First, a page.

So $\displaystyle D=PM=a\sqrt{2}\cdot\sqrt{1-\cos(\sigma-\theta)}$

Since M is randomly chosen*on*the circle, $\displaystyle \sigma$ follows a uniform distribution over $\displaystyle [0,2\pi[$ (to a given angle, there's a unique point corresponding to this angle*on*the circle. Would be different if we were considering a random point*in*the circle)

So $\displaystyle \mathbb{E}[D]=a\sqrt{2}\cdot \mathbb{E}[\sqrt{1-\cos(\sigma-\theta)}]$

Since the pdf of a rv uniform on $\displaystyle [0,2\pi[$ is $\displaystyle f(x)=\frac{1}{2\pi}$, for $\displaystyle x\in[0,2\pi[$, it follows that :

$\displaystyle \mathbb{E}[D]=\frac{a\sqrt{2}}{2\pi}\cdot\int_0^{2\pi}\sqrt{1-\cos(x-\theta)} dx$

Since the integrand of the integral is $\displaystyle 2\pi$-periodic, the value of $\displaystyle \theta$ doesn't change the value of the integral.

In particular, $\displaystyle \mathbb{E}[D]=\frac{a\sqrt{2}}{2\pi}\cdot\int_{0}^{2\pi}\sqrt{1-\cos(x)} ~dx$

Now substitute $\displaystyle x=2u$ (dx=2du)

$\displaystyle \mathbb{E}[D]=\frac{a\sqrt{2}}{\pi}\cdot\int_{0}^{\pi}\sqrt{1-\cos(2u)}~du$

But $\displaystyle \cos(2u)=1-2\sin^2(u)$

So $\displaystyle \mathbb{E}[D]=\frac{a\sqrt{2}}{\pi}\cdot\int_{0}^{\pi} \sqrt{2}\cdot\sin(u) ~du$ (since $\displaystyle \sin(u)\geqslant 0, \forall u \in[0,\pi]$)

Finally, $\displaystyle \mathbb{E}[D]=\frac{2a}{\pi}\cdot\int_0^\pi \sin(u) ~du=\frac{2a}{\pi}\cdot 2=\boxed{\frac{4a}{\pi}}$

(which gives the approximate result that TKHunny got)

That's a cool result ! :D

It looks long, but there's nothing complicated at all ! Only basic geometry and Calc I (or II, I don't really know) (Wink) - Feb 19th 2010, 02:05 PMLaurent
The following is essentially equivalent to what Moo did (which you should read first), but a bit shorter:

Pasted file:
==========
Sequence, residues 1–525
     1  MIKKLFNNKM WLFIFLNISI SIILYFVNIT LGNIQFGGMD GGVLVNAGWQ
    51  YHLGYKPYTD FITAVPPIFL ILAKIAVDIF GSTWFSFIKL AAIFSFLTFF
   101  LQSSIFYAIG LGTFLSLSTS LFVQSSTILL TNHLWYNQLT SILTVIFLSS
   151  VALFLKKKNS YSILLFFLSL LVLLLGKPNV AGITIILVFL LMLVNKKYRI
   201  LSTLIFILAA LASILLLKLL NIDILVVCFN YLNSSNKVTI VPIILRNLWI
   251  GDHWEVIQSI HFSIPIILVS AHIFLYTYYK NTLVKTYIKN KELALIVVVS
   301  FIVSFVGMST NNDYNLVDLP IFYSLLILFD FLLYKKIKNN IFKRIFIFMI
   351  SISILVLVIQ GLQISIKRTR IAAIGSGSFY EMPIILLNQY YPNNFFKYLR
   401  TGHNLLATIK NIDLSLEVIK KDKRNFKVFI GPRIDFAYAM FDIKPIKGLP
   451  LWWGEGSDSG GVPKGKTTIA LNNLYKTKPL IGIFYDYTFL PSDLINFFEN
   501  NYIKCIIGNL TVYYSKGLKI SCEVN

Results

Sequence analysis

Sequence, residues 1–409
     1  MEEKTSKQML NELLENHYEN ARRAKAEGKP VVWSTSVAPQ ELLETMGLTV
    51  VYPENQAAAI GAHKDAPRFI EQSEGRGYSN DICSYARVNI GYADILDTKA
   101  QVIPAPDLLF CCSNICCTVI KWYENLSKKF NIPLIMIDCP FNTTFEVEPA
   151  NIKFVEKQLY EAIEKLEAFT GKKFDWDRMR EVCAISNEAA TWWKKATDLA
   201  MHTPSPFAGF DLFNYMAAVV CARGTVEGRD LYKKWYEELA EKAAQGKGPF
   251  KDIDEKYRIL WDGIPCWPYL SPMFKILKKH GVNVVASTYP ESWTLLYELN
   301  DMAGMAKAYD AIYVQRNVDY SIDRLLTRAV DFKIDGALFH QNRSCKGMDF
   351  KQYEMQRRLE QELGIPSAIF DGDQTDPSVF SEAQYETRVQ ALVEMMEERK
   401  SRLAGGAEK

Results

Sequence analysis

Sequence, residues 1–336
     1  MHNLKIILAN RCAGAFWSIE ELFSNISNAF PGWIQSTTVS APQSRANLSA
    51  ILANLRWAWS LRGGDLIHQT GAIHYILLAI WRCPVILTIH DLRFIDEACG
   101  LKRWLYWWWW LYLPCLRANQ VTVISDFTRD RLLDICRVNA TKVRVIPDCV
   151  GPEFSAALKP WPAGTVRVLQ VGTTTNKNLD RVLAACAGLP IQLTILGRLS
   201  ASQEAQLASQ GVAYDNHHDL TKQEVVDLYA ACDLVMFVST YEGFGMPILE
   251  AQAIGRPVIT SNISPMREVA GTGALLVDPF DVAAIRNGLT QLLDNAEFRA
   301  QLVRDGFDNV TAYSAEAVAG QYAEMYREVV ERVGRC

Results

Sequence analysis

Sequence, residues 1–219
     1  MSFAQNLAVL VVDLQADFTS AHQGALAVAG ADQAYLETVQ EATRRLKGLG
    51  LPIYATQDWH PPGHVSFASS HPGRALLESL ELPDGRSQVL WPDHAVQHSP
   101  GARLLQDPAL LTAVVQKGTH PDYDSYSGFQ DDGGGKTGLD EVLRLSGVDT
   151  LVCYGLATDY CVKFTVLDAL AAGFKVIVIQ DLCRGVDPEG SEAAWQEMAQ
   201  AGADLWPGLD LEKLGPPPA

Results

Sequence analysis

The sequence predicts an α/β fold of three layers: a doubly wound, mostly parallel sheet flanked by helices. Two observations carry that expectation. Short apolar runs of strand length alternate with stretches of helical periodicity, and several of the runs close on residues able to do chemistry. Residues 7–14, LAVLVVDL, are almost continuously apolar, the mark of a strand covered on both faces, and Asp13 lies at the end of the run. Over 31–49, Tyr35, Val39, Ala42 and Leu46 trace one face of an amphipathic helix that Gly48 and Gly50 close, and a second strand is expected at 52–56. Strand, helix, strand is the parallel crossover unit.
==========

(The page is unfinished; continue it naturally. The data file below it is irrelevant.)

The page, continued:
Let us set the problem in the complex plane, the circle being centered at 0. Due to the radial symmetry, we may assume that the fixed point is $\displaystyle a(\in\mathbb{R})$. Then the distance between $\displaystyle M=a e^{i\theta}$ and $\displaystyle a$ is given by $\displaystyle |a e^{i\theta}-a|=a |e^{i\theta}-1|= 2a\left|\sin\frac\theta2\right|$ (the last equality is because $\displaystyle e^{i\theta}-1=e^{i\theta/2}(e^{i\theta/2}-e^{-i\theta/2})$ $\displaystyle =2ie^{i\theta/2}\sin\frac{\theta}{2}$).

Since a uniform random point on the circle is given by $\displaystyle M=a e^{i\Theta}$ where $\displaystyle \Theta$ is uniformly distributed in $\displaystyle [0,2\pi]$, we conclude that the expected distance is:

$\displaystyle \int_0^{2\pi}2a|\sin\frac{\theta}{2}|\frac{d\theta }{2\pi}=2a\int_0^\pi \sin\frac{\theta}{2}\,d\theta$ $\displaystyle =\frac{4a}{\pi}\int_0^{\pi/2}\sin (u) du=\frac{4a}{\pi}$. - Feb 19th 2010, 03:03 PMTKHunny
I could be a bit more delighted, but not much!

There is just nothing quite like a unique result - just sitting there, waiting for us to find it - however we choose to find it.

Note to student, if you don't think of a solution right off, keep thinking. There are likely to be at least a couple of ways to approach it.